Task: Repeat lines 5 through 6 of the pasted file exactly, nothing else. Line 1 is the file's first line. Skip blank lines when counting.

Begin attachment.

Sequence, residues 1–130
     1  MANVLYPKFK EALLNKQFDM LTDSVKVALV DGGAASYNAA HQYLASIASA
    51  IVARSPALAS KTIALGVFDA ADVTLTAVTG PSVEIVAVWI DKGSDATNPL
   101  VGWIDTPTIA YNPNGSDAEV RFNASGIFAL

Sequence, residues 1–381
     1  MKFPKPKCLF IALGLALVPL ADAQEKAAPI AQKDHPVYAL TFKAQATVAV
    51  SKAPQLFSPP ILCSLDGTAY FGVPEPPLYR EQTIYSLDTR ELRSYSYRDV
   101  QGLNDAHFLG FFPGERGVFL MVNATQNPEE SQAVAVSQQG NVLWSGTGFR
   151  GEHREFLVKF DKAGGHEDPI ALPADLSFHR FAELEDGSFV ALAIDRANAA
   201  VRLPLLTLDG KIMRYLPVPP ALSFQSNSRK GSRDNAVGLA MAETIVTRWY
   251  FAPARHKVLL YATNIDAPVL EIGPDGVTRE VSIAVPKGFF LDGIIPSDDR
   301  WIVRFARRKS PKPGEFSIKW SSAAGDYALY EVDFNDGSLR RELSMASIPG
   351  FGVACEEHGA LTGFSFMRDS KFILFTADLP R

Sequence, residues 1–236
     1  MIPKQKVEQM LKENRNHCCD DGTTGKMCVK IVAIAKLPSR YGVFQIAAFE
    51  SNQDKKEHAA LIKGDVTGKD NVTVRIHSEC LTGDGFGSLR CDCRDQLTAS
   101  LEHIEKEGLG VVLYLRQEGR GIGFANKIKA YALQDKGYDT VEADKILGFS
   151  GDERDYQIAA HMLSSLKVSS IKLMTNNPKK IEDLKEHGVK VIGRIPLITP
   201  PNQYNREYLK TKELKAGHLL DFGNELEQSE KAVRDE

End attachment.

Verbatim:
Sequence, residues 1–381
     1  MKFPKPKCLF IALGLALVPL ADAQEKAAPI AQKDHPVYAL TFKAQATVAV